Breaking News Bar
updated: 5/22/2013 4:13 PM

Pathologist: Stolberg prevented wife from breathing

hello
Success - Article sent! close
  • Ronald Stolberg reacts as Dr. Manny Montez, a forensic pathologist, reviews photos and details of the autopsy performed on Stolberg's wife, Rachel Stolberg. Ronald Stolberg is on trial for her 2011 death.

      Ronald Stolberg reacts as Dr. Manny Montez, a forensic pathologist, reviews photos and details of the autopsy performed on Stolberg's wife, Rachel Stolberg. Ronald Stolberg is on trial for her 2011 death.
    Pool/Chicago Tribune, Stacey Wescott

  • Ronald Stolberg

      Ronald Stolberg

  • Ronald Stolberg covers his face as he enters the courtroom of Judge Mark Levitt in Lake County on Wednesday. Stolberg is on trial for the 2011 first-degree murder for his wife, Rachel Stolberg.

      Ronald Stolberg covers his face as he enters the courtroom of Judge Mark Levitt in Lake County on Wednesday. Stolberg is on trial for the 2011 first-degree murder for his wife, Rachel Stolberg.
    Pool/Chicago Tribune, Stacey Wescott

  • Lake County Judge Mark Levitt listens intently to the objections of defense attorneys during the murder trial of Ronald Stolberg in Waukegan on Wednesday.

      Lake County Judge Mark Levitt listens intently to the objections of defense attorneys during the murder trial of Ronald Stolberg in Waukegan on Wednesday.
    Pool/Chicago Tribune, Stacey Wescott

  • Dr. Manny Montez, a forensic pathologies, testifies about the autopsy of Rachel Stolberg during the murder trial of Ronald Stolberg on Wednesday in Waukegan.

      Dr. Manny Montez, a forensic pathologies, testifies about the autopsy of Rachel Stolberg during the murder trial of Ronald Stolberg on Wednesday in Waukegan.
    Pool/Chicago Tribune, Stacey Wescott

 
 

A forensic pathologist testified Wednesday that Rachel Stolberg died from traumatic asphyxiation when she was prevented from breathing during a struggle with her husband in their Vernon Hills home.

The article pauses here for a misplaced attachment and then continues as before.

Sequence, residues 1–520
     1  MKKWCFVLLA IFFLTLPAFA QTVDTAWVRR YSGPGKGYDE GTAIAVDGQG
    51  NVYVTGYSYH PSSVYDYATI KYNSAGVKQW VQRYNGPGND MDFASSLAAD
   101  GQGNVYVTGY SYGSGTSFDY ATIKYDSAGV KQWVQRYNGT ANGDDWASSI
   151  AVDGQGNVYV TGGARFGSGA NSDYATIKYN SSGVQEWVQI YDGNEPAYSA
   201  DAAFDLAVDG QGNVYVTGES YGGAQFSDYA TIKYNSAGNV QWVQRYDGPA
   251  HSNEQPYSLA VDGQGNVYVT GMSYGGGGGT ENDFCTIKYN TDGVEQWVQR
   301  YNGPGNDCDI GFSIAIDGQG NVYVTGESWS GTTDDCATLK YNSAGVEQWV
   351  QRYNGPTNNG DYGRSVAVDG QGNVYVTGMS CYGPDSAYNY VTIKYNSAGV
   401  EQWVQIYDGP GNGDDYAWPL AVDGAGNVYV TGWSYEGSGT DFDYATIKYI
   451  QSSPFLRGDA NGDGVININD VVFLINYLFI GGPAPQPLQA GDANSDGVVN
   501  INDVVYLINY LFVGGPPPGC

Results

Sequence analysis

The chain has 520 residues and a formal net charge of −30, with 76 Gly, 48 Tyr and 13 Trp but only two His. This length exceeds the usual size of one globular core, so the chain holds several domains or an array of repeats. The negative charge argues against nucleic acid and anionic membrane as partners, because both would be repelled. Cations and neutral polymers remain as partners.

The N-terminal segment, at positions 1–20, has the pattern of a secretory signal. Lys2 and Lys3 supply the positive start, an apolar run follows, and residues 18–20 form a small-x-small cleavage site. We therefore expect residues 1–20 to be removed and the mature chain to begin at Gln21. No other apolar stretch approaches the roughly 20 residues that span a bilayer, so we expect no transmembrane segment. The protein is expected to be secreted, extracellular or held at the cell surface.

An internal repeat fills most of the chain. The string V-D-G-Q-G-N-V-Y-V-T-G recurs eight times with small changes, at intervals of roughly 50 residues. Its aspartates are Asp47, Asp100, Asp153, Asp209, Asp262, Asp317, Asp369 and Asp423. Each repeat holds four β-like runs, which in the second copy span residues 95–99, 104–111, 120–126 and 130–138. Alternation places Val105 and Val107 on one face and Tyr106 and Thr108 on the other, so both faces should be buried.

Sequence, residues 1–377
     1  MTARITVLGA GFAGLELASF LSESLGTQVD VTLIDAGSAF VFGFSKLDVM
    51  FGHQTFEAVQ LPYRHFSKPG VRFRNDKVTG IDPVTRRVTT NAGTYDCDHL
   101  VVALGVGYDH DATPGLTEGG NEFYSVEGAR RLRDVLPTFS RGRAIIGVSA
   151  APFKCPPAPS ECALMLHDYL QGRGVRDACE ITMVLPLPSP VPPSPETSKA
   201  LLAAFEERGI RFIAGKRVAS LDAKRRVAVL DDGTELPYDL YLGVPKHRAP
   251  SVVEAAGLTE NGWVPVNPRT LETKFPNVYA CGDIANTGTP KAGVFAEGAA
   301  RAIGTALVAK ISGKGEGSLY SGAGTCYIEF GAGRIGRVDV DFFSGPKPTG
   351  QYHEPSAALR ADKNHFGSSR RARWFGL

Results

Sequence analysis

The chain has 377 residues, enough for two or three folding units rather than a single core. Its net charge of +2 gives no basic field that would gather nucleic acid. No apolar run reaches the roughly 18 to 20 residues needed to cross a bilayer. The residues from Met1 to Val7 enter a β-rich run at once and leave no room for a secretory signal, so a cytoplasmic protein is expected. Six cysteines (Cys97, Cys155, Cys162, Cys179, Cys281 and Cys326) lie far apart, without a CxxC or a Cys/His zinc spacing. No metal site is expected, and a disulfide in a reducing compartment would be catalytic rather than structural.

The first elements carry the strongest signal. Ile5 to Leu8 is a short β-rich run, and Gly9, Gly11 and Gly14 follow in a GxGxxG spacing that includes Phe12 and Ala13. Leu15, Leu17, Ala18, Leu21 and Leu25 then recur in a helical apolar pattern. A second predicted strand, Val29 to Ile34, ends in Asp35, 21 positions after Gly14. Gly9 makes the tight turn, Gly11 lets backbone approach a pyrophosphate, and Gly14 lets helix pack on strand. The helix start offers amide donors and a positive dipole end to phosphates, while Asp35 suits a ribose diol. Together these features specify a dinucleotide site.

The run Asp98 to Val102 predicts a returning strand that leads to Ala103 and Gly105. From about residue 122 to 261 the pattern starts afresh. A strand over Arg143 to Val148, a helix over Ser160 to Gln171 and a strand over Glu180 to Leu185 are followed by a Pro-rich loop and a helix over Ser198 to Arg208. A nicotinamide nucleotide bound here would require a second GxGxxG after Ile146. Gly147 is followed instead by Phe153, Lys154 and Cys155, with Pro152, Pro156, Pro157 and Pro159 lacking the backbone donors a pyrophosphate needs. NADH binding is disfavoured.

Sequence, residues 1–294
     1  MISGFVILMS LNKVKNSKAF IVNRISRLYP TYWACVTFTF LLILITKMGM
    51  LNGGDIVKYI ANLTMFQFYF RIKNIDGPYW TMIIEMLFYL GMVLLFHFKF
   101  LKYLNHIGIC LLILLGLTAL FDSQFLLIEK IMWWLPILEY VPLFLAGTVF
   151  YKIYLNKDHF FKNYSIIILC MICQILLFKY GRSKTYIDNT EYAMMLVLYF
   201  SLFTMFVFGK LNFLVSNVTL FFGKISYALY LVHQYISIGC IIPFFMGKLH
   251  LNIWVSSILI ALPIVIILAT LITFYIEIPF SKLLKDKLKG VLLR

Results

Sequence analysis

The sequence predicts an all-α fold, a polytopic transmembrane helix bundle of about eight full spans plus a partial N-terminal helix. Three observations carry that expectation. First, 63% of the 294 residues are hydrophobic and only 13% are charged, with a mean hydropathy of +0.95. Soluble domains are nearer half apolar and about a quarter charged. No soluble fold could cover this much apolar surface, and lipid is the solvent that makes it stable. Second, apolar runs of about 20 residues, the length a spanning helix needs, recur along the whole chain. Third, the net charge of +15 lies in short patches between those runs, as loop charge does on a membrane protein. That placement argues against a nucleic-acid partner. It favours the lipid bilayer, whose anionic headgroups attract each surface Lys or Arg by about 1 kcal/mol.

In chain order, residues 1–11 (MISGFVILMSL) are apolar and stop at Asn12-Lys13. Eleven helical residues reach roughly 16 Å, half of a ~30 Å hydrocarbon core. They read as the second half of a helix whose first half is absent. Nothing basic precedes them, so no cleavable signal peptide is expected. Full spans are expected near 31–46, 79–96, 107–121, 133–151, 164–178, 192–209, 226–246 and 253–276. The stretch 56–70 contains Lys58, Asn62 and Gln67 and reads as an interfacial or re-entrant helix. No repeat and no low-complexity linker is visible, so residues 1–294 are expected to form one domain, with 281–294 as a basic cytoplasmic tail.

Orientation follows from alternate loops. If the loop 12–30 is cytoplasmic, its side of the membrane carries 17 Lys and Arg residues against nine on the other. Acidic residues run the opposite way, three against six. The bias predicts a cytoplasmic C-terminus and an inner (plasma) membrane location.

However, defense attorneys cross examining Dr. Manny Montez, who performed the autopsy following Rachel Stolberg's death in 2011, pointed out she had no damage to her larynx, ribs, neck, throat or lungs despite being asphyxiated.

Order Reprint Print Article
 
Interested in reusing this article?
Custom reprints are a powerful and strategic way to share your article with customers, employees and prospects.
The YGS Group provides digital and printed reprint services for Daily Herald. Complete the form to the right and a reprint consultant will contact you to discuss how you can reuse this article.
Need more information about reprints? Visit our Reprints Section for more details.

Contact information ( * required )

Success - request sent close

Ronald Stolberg is on trial in front of Lake County Judge Mark Levitt for his wife's death. He is charged with three counts of first-degree murder.

Authorities said Stolberg, 49, intentionally asphyxiated his wife because she was bothering him while he was trying to sleep on June 7 and into the early morning hours the next day in their home in the 300 block of Farmington Lane.

However, defense attorneys say Rachel Stolberg died when Ronald Stolberg made a mistake while trying to prevent her from hurting herself during a mental breakdown she was having in the middle of the night.

He is held without bond and faces up to 60 years in prison if convicted.

Prosecutors said Ronald Stolberg pushed Rachel facedown onto the hardwood floor and held her there with his knee until she stopped struggling.

Montez said, "like a boa constrictor," Stolberg squeezed his wife hard enough against the floor to prevent her from inhaling, but not hard enough to break her ribs or injure her lungs, throat or neck.

"It's possible to do this without a rib fracture or spinal injury," Montez said testified. "If you don't allow the chest to expand ... the person will stop breathing."

However, defense attorney Kevin Rozner of Northbrook challenged Montez about the lack of injuries found during the June 9 autopsy.

"Doctor, you don't know how she died, do you?" he asked during cross examination.

Montez replied, "I do know how she died."

Following her testimony, jurors watched a video confession of Stolberg later in the afternoon.

Share this page
Comments ()
Guidelines: Keep it civil and on topic; no profanity, vulgarity, slurs or personal attacks. People who harass others or joke about tragedies will be blocked. If a comment violates these standards or our terms of service, click the X in the upper right corner of the comment box. To find our more, read our FAQ.
    help here